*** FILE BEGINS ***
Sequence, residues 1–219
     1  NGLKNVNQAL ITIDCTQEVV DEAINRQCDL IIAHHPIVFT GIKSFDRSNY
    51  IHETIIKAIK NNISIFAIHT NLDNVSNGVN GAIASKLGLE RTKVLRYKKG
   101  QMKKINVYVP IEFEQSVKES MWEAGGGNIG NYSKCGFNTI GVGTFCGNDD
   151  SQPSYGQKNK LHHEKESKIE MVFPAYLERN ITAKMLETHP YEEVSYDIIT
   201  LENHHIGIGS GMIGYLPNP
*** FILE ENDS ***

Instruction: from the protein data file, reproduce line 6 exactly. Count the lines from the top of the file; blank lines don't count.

   201  LENHHIGIGS GMIGYLPNP